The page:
One of the ways that I keep the lights on at Free Technology for Teachers is through the sale of online training webinars on my other site, Practical Ed Tech. This weekend all of the on-demand webinars are on sale at 50% off. Click here to take advantage of the offer.



Practical Ed Tech webinars on sale this weekend:



  • 5 Video Projects for Almost Every Classroom
  • Google Forms & Sheets for Beginners
  • Get Organized With Google Classroom, Calendar, and Keep
  • Ten Search Strategies Students Need to Know
  • Introduction to AR & VR in Education
  • 5 Ways to Blend Technology into Outdoor Lessons
Click here to get one, two, or all six of these webinars at 50% off!

Good morning from Paris Hill, Maine where the snow has stopped and the sun is shining. It's a perfect day to go snowshoe festival. That's exactly what one of my daughters and I are going to do as soon as I finish writing this post.



This week I had the pleasure of leading an all-day workshop for a fun group of teachers in Pekin, Illinois. The title of the workshop was using Technology to Engage All Learners. It was a condensed version of what we do at the Practical Ed Tech Summer Camp. Speaking of which, a couple more people took advantage of the February discount for the Practical Ed Tech Summer Camp.



These were the week's most popular posts:

1. Six Online Whiteboard Drawing Tools

2. ReadWorks Now Offers Illustrated eBooks

3. A Handful of Resources and Ideas for Valentine's Day Lessons

4. New Features are Coming Soon to Your Gmail Inbox

5. 7 Tips for Moving from Decorating to Designing Classrooms

6. How to Use Keynote to Create Choose Your Own Adventure Stories

7. How to Use Google Slides to Create Choose Your Own Adventure Stories



Now Booking Summer Workshops!

Summer might feel a long way away right now, but I'm already booking my summer workshop calendar. If you'd like to have me come to your school this spring (I have two May openings) or summer, please take a look at my speaking page and fill out the short form at the bottom of it.





The Practical Ed Tech Summer Camp is happening on July 15th and 16th. I've secured a beautiful location for it that offers lots of activities for the whole family within walking distance. Register in February and you'll save $70! Registration is now open here.



Please visit the official advertisers that help keep this blog going.

Practical Ed Tech is the brand through which I offer PD webinars.

TypingClub offers more than 600 typing lessons for kids.

Storyboard That is my go-to tool for creating storyboards.

University of Maryland Baltimore County offers a great program on instructional design.


Seterra offers a huge selection of geography games for students. 

The BBC's Skillswise website offers many good activities for learning and practicing skills in language arts and mathematics. A section of the site that could be useful in a lot of classrooms is the speaking and listening section. The speaking and listening section contains subsections offering lessons and activities to develop a specific skill. Those skills are listening for specifics, communication skills, formal and informal speaking, and giving presentations. Each section has a short introductory video followed by a set of quizzes and interactive games in which students test their skills.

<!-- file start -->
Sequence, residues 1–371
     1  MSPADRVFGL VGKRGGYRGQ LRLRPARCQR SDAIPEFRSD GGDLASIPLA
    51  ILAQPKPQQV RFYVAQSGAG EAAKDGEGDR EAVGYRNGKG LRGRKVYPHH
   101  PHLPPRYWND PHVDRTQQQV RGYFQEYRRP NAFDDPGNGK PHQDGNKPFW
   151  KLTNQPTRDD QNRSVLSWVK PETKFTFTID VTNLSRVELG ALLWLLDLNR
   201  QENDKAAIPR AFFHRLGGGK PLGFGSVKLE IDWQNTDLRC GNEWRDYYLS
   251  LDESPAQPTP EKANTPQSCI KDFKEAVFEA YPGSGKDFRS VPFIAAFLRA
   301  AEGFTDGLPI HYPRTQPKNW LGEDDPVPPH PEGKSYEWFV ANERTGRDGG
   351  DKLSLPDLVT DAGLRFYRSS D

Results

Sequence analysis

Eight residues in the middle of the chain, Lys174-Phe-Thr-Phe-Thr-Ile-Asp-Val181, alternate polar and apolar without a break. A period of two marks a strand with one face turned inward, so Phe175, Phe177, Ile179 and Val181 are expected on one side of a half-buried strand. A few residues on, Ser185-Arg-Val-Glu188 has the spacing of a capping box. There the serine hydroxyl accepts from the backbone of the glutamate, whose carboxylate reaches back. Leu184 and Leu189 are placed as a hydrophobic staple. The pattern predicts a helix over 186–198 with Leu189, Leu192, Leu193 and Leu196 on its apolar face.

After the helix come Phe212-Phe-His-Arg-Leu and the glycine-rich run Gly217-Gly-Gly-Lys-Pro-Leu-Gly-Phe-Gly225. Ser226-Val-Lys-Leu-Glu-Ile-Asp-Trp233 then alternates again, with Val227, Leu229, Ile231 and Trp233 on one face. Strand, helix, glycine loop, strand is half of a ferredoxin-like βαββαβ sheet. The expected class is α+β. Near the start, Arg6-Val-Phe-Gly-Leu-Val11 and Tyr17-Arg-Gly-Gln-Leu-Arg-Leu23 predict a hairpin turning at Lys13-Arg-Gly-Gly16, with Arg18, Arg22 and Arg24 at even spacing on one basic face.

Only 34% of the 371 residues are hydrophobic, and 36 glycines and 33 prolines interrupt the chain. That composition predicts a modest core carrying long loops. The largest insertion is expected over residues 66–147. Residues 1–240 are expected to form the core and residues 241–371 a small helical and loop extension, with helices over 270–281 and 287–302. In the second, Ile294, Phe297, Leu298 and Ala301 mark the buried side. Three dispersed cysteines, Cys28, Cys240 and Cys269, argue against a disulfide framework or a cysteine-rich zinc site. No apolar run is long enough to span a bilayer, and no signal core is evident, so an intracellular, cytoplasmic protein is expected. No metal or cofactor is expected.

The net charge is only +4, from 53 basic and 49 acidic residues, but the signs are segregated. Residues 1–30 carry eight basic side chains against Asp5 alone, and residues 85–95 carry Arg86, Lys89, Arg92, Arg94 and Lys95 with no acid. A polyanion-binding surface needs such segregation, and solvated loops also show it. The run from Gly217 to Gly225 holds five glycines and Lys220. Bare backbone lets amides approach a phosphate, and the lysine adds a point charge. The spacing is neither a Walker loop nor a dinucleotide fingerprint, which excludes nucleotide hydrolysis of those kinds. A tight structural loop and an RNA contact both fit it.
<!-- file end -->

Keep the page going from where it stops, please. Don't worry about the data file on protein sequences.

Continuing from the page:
Applications for Education

While all of the activities are good, the speaking and listening activities on Skillswise that I would be most inclined to use with students are the types of listening and listening for specifics games. The games in both sections require students to listen and follow a set of detailed instructions to complete tasks like delivering products to addresses, recording details of story, and responding to emergency situations.

Random Name Picker is a free tool from Russel Tarr at Classtools.net. Random Name Picker lets you input names and spin a virtual wheel to have a name randomly selected from the list. After a name is selected you can remove it from the wheel so that it is not selected again.



Random Name Picker is free to use and does not require a registration on Classtools.net. You can save your lists by assigning passwords to them. You can re-use your saved lists. The Random Name Picker wheel can be embedded into your blog or website. The Random Name Picker was written in HTML5 so that it will run in the browser of your iPad.




Applications for Education

At one point or another every teacher has asked for volunteers and not had any hands raised. In that situation using the Random Name Picker could be a fun way to select the order in which students will present to classmates.Or for those times when all of your students raise their hands for something fun like being the line leaders, the Random Name Picker is a convenient tool to have at your disposal.